Monday, August 15, 2011

Best Oranges, once the pride of Zimbabwe

The Standard, Sunday 14 August 2011

For a couple of years now I have not tasted a really sweet orange. I have passed through Chegutu on my way to and from Bulawayo on several occasions and have bought tasteless oranges. Those which have a taste are sour and I have not been impressed. I am sure this is the experience of many a traveller. The same has been my experience as I ply the Mazoe-Bindura road. What has become of the pride of Zimbabwe? Yet our relatives in Diaspora always ask those who visit them to bring them Mazoe drink without fail.

At one time I actually asked a vendor to let me peel one before buying a packet. Those who were travelling with me could not continue eating the oranges but throw them away. I feel pity for those who spend day in day out selling these fruits which are no longer oranges. The unsuspecting travellers buy these oranges, only to throw them away on their journey. One may ask: is this how oranges now taste like?

No! A big no! I had a present surprise this time around last week when I travelled to Swereki, 690 km from Harare. Matabeleland South is home to this beautiful but dry land. Just before Swereki, there are estates which produce the best oranges I have ever eaten. I lost count of the oranges I consumed. The following day I had a brief number of “pleasant” stomach shakeup because of the nice tasty oranges I had enjoyed.

Upon asking who was doing this miracle, I was told that most of the guys who left the erstwhile famous Mazoe Orange Estates had migrated to this place. We passed through a highly mechanised plant that was producing juice, which was being exported to Harare to make orange juice. On noticing that we were priests on a mission, workers at the plant showered us with oranges and wished us pleasant and safe journey enjoying real oranges, the pride of Zimbabwe a couple of years ago.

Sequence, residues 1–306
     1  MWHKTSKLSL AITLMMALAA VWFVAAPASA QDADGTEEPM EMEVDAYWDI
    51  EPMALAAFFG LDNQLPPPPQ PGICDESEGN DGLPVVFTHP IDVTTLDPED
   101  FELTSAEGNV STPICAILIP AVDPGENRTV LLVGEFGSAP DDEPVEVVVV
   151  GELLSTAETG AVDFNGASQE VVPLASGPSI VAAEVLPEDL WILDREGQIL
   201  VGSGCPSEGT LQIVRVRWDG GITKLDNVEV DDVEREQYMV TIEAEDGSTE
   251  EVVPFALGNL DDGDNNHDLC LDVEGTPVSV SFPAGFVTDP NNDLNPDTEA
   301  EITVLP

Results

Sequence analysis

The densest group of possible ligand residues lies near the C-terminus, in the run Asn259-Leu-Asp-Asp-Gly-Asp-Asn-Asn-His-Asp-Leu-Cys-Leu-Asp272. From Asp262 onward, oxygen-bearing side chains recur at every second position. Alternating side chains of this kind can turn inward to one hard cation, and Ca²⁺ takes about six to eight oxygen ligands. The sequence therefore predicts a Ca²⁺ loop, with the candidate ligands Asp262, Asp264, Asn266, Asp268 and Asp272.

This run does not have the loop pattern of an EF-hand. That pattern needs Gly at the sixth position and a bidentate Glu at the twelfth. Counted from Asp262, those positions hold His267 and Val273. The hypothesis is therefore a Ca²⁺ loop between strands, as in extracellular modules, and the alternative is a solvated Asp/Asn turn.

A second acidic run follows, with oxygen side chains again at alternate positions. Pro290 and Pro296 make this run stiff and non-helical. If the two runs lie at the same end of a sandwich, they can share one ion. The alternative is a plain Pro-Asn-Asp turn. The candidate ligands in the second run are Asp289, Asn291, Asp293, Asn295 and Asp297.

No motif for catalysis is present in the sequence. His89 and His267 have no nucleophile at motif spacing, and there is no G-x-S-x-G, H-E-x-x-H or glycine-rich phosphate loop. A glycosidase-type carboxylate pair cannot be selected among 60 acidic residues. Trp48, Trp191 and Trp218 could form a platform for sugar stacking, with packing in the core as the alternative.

A couple of lessons from this experience are worth pondering upon. It is one thing owning a farm and putting it to best use is another. Orange trees still adorn the many farms along the two highways I have mentioned above but the crops being grown there hardly meet the acceptable standards.

My best advice to the new farm owners is to try other crops other than oranges.

Rev Dr Levee Kadenge


Marumha said...

I remember, ONCE UPON A TIME, when you wrote letters and commentaries that were published in different Zimbabwe's daily newspaper, both pro, not-so-pro and anti-government. Many may not be aware because they did never read these papers, or maybe did not read them in full or because you used an alias, not your real name for some of the articles. I have to say I am impressed by your commitment to both open and free the minds of people, as well as promote an exploration of life's opportunities and unknowns.

The narrative of Zimbabwe's farmers and farming history is a raw nerve. It is very tempting and almost irresistible to go track down the source of these sour oranges in political fields. But I dare not. One thing I learn from your blog is that the knowledge of pleasant and tasty oranges production is not dead but has been relocated, and in many instances demobilised.

I am lucky enough to be one of those who happen to watch and follow you. However there are masses out there who would be blessed by your contributions as well. So I hope you are still writing to and for Zimbabwe's daily newspapers, and continue to be the voice of reason and the voiceless.

The oranges, though, could very well represent a lot that we now say about "ONCE UPON A TIME"...but that time is not so long ago...and NEED NOT be too far in the future!

Dr Levee Kadenge said...

Thanks Mwendamberi. Indeed "once upon a time." I have committed myself to writing as much as I can. In fact this is what I enjoy most. I may soon publish some of these publications. I know a good number do not read papers and for them I will do something. Your comments are most welcome.